Things you can't control are weather (see above), accidents (hopefully other vehicles, not you ), construction delays and sometimes road closures (checking the web for road conditions/delays before you leave can be very valuable), and of course, traffic congestion (obviously worse around major cities). A good route will take all these into consideration and minimize any problems.

Another concern is either a mechanical failure (not much can be done about that except to keep your bike in good repair), or a flat tire. I carry a sticky-string patch kit and an onboard 12V compressor. So if I do get a flat, I can have it patched and filled and be back on the road in maybe 20 minutes. If I'm lucky.

Sometimes, things happen. If it's minor and you can muddle through, then do it. After all, this isn't supposed to be "easy". But if it becomes major or serious, then you may have to make a decision. Should I re-route to avoid the traffic or weather? Should I stop and get a short nap so that I can continue on more safely? Or should I scrap the ride and try it again later when things are more suitable.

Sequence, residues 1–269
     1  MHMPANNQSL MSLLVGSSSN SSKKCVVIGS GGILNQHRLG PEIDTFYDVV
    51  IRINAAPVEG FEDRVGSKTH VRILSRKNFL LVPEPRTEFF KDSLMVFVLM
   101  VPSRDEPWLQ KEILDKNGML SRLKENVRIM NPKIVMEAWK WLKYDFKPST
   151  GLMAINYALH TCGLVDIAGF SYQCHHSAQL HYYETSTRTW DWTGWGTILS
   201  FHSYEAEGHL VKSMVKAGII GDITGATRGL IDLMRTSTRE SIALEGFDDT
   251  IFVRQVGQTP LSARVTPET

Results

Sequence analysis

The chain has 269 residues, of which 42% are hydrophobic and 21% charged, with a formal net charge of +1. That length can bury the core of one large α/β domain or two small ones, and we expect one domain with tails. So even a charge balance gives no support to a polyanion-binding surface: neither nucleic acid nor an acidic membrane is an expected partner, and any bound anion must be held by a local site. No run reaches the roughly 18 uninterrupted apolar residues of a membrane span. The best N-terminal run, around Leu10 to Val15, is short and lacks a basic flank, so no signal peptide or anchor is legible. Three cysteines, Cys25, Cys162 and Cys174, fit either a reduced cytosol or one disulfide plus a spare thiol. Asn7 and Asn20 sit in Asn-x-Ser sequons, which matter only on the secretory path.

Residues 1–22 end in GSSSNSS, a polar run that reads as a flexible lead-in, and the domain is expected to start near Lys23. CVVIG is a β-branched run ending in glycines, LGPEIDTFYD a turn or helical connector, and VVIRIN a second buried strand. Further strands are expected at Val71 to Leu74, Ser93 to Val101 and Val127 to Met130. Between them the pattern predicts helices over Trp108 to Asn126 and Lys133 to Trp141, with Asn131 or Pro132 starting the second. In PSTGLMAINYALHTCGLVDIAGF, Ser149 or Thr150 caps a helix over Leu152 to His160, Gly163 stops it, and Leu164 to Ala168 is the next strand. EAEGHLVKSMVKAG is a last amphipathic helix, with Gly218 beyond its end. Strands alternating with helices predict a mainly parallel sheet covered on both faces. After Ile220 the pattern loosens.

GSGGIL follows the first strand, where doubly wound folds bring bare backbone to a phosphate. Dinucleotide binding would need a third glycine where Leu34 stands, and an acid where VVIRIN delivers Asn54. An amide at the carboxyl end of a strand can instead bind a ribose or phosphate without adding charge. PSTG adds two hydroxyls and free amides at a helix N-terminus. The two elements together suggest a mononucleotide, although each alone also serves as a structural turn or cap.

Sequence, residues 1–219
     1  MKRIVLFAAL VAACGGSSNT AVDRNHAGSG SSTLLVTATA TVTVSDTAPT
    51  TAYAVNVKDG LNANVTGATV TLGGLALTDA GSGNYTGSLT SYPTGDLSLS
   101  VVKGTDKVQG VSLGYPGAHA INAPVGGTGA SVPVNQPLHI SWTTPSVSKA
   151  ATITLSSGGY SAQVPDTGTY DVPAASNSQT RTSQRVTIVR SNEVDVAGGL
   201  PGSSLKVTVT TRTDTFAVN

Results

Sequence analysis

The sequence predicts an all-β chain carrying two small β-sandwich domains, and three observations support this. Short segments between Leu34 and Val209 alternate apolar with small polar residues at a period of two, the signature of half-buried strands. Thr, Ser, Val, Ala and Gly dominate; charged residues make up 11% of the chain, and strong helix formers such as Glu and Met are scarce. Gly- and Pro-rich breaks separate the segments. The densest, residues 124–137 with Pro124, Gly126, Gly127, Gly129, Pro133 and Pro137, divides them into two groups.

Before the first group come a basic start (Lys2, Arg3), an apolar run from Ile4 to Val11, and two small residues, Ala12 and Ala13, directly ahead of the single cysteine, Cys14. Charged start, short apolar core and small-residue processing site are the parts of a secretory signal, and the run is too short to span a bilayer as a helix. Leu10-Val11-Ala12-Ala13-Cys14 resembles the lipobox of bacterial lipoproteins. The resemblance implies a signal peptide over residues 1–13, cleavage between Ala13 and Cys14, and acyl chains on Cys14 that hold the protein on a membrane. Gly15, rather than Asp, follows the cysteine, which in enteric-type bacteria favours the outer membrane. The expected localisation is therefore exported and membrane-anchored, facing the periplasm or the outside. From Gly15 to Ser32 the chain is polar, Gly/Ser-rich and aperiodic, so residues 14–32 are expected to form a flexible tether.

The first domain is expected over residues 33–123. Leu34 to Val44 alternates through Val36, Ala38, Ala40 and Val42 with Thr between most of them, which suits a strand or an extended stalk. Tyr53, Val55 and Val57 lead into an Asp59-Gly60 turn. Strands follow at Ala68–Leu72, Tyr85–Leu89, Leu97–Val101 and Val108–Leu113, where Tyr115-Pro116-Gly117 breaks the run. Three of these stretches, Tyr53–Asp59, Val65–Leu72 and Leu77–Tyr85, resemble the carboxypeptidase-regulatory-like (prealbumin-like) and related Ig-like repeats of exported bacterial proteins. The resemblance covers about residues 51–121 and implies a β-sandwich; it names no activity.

Again, all of those are your call, but remember, it's only a ride and not worth doing permanent damage to yourself or your bike. Especially to you.

We talked about minimizing delays, both stopped and while moving. Here are a few examples to give you an idea of the timing you can expect.

I have done two or three dozen thousand-mile days up and back on I-5 (no kidding - I have a client up there and often take the bike). I can do this known trip in 14 hours moving time, at a 72 mph average. It's I-5, so you set the cruise and just keep moving.

I know what my range is, and where all the gas stops are. So I choose a station that I can see from the freeway with a quick on-off, pull in, gas up, get my receipt at the pump, and can be back moving in 5-10 minutes max. Add in a "leisurely" 1/2 hour break somewhere mid-way to get a quick bite of fast food, and I've spent maybe an hour off the bike total. It got to where I could plan that whenever I left, I would be at my destination 15 hours later.